The WNBA has been accused of a traveling violation—one that could cost as much as $30 million per year to solve if it’s done the way the players want, which means ditching commercial flights in favor of private planes.
The W’s current media rights deal is worth less annually than what charter travel would cost, but some of the league’s biggest stars, led by two-time WNBA champion Breanna Stewart, are tired of hearing why it doesn’t or can’t work.
“I would love to be part of a deal that helps subsidize charter travel for the entire WNBA,” Stewart, the league’s 2018 MVP and currently one of it’s most sought-after free agents, tweeted Sunday, adding that she’d be willing to put her name, image and likeness, time and social posts toward an agreement with charter sponsors. “Who’s with me?”
The WNBA isn’t—at least not yet. Commissioner Cathy Engelbert maintains that the league cannot afford the costs of charter travel, especially for its 12 teams over the league’s expanded 40-game slate, and hasn’t yet found partners to support it. The current travel spend on airfare is a “very small fraction” of the projected charter costs, she says. But she’s not ruling Stewart’s suggestion out, instead just leaving it in the hands of the players, for now.
“We work with players all the time with different partners they’re partnered with,” Engelbert said. “Look, if they could get companies to step up—I think it would have to be a collective of companies, because $25 or $30 million a year is a big number—but if a bunch of players got a bunch of companies who wanted to help fund this, we’d absolutely partner with the players and talk to them about how it would work. Now, it would have to be fair across the 12 teams, but we’d absolutely be open to anything that our players are looking at from an endorsement or potential sponsorship perspective.”
The WNBA says the other option, which is allowing owners to choose how their players travel, could create competitive imbalances. Thus, charter travel without league approval is prohibited by the current collective bargaining agreement. Players agreed to table the charter travel conversation during their most recent negotiations in exchange for more substantial increases in compensation, but not all are willing to accept the status quo through the end of the agreement in 2027.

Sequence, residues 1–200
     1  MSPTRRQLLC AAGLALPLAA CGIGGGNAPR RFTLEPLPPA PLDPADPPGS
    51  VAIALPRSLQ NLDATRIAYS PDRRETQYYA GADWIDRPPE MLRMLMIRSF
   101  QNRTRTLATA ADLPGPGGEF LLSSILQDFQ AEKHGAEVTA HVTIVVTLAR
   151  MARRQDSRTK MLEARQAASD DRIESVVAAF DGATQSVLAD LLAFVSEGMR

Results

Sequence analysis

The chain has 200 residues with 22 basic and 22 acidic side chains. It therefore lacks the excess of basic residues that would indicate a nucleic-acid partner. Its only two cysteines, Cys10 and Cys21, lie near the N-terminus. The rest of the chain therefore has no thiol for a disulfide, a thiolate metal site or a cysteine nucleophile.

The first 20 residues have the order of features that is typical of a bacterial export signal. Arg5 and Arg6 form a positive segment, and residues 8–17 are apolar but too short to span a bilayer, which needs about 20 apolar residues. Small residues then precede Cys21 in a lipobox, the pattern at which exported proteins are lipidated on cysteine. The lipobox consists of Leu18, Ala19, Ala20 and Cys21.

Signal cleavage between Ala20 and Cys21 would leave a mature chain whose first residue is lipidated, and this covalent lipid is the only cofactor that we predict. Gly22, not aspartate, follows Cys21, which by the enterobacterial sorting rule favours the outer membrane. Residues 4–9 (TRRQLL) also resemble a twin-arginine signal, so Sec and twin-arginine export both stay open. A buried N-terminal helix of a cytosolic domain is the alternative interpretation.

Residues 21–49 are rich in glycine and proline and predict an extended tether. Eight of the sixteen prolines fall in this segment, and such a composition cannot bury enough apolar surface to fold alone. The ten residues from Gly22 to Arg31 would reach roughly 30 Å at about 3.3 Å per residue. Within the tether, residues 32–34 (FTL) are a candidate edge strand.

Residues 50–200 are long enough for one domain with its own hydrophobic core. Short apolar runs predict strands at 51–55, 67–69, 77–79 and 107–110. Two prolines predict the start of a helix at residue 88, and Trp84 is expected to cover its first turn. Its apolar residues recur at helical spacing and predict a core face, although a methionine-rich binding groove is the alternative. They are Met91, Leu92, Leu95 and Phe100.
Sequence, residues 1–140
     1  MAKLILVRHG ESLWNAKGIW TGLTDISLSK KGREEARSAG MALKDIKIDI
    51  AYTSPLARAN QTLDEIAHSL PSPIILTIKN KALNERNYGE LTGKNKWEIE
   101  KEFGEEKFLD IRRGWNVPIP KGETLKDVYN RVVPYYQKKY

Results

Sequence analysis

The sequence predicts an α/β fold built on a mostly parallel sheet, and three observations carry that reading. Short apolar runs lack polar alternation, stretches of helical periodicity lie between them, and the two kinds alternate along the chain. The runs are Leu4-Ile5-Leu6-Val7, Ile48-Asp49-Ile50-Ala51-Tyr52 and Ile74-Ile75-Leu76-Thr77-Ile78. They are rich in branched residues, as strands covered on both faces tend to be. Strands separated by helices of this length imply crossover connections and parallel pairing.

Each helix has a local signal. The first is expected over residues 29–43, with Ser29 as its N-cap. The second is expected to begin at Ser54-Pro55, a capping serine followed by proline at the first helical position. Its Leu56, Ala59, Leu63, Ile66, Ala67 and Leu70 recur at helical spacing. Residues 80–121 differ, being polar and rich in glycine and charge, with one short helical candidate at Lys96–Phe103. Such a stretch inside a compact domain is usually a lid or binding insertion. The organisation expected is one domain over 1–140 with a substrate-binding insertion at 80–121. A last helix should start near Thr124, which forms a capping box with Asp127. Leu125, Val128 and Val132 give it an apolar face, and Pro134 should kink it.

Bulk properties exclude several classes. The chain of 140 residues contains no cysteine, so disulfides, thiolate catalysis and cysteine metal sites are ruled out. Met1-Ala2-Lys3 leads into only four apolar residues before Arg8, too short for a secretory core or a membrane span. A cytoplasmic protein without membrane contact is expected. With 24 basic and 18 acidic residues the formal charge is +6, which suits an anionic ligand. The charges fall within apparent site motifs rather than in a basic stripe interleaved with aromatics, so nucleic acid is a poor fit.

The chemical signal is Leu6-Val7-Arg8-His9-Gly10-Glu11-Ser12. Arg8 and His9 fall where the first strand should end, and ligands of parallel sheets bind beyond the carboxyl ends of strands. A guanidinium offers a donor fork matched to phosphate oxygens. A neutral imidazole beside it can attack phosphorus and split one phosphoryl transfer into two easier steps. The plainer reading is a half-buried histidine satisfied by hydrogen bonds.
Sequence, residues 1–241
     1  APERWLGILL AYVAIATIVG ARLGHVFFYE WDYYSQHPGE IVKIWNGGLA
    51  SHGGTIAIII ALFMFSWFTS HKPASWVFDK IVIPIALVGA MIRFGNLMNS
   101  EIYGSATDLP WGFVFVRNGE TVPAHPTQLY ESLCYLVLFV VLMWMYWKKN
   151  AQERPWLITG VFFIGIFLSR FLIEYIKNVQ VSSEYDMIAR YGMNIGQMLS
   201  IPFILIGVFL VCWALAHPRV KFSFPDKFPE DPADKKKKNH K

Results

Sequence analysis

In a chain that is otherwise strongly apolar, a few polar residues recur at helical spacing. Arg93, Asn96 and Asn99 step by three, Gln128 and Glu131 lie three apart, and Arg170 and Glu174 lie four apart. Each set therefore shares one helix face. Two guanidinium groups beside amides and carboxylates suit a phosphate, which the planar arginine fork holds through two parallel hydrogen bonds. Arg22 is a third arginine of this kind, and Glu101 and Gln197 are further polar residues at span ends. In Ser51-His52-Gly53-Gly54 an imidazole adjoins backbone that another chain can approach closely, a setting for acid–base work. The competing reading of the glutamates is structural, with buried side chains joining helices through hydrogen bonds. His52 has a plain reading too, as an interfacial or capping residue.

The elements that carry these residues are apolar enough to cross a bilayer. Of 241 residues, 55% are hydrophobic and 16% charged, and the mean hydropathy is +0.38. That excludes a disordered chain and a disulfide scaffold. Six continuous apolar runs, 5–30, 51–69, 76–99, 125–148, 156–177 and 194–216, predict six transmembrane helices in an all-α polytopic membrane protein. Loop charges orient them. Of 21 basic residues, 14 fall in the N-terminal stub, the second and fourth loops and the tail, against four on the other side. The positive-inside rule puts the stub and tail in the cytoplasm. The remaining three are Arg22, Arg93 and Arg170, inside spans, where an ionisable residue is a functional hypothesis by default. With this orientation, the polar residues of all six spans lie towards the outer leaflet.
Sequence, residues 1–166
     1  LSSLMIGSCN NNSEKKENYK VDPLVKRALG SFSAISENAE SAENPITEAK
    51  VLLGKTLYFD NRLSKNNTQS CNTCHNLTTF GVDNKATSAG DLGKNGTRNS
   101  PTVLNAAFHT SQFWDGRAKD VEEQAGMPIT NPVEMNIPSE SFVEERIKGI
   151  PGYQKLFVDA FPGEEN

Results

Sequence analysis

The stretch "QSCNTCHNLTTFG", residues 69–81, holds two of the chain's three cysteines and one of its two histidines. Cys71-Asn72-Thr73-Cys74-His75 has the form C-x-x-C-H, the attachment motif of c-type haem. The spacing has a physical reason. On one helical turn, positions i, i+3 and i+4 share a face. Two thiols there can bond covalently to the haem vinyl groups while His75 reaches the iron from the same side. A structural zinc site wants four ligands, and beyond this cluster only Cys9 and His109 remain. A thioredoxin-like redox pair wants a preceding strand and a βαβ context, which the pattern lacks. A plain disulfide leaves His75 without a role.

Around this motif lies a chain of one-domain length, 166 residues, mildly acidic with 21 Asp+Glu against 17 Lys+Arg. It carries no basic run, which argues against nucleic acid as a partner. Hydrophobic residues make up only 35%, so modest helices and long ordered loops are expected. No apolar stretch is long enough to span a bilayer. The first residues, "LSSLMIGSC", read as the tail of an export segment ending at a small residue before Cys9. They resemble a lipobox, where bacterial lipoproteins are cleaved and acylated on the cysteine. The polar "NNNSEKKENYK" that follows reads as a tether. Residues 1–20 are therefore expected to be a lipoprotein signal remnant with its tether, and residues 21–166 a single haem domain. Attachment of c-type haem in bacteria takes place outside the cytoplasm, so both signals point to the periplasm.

Nearly a dozen of Stewart’s peers—among them some of the WNBA’s most marketable players, including Elena Delle Donne, Chiney Ogwumike and recently retired Sue Bird—jumped on her proposal. Even UConn’s Paige Bueckers and Memphis Grizzlies superstar Ja Morant raised their digital hands.
Stewart’s public campaigning for a solution could reignite sponsorship conversations, but it also begs the question of what player participation is worth to potential league partners. An endorsement deal worth $25 million annually is something few individual athletes in the world can command, but the collective value and reach a group of star players could provide is significant. The combined social following of the six aforementioned athletes is nearly 15 million users—could they generate $25 million in value for potential partners, or enough to make private travel affordable for all 12 teams?
Wasserman’s Lindsay Kagawa Colas, who represents Stewart and several other WNBA stars including Brittney Griner, “absolutely” believes players could deliver exposure and brand awareness on par with what sponsoring a charter effort would cost.
“There are several creative approaches, including the integration of the influential athletes and media companies that responded in the affirmative to Stewie’s tweet that would produce an outsize return on investment for brands,” Colas said. “To date, proposals for a league-wide solution have not included individual athlete activation. Athletes like Stewie, Sabrina [Ionescu], Sue Bird, EDD [Delle Donne], Jewell [Loyd], Chiney, Nneka [Ogwumike], Paige, Ja and Brittney Griner signaling they want to be part of the solution change the calculus entirely.”
Engelbert is wary of making such a change without having a sustainable economic model to support private travel longer term. What happens if a sponsor drops out? If the league expands and charter travel costs increase? Who covers those differences? The WNBA can’t, she says, at least not today.